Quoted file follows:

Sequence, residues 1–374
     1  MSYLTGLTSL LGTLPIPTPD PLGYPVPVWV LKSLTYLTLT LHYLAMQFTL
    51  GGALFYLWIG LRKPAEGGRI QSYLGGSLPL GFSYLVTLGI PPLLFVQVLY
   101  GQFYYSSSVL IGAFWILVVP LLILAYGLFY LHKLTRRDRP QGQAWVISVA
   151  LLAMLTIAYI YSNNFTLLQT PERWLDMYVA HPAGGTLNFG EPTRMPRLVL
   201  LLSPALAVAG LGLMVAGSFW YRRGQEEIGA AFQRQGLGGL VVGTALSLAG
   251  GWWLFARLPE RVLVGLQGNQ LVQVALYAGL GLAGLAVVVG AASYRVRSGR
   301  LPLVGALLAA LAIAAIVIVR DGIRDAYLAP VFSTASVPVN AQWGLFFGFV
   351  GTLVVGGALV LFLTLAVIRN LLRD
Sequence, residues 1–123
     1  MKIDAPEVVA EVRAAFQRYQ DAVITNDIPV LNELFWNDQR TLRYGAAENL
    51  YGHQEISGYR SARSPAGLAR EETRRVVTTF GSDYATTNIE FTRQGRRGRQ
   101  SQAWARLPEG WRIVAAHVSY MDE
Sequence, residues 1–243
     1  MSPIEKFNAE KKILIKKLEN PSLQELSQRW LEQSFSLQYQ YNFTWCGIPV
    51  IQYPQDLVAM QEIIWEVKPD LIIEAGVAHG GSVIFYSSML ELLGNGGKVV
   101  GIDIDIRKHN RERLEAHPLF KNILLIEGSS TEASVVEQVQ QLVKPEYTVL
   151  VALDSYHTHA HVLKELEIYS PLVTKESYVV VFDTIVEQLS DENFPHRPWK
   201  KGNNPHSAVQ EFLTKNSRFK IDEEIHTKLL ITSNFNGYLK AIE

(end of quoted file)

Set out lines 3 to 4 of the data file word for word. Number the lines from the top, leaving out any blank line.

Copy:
    51  GGALFYLWIG LRKPAEGGRI QSYLGGSLPL GFSYLVTLGI PPLLFVQVLY
   101  GQFYYSSSVL IGAFWILVVP LLILAYGLFY LHKLTRRDRP QGQAWVISVA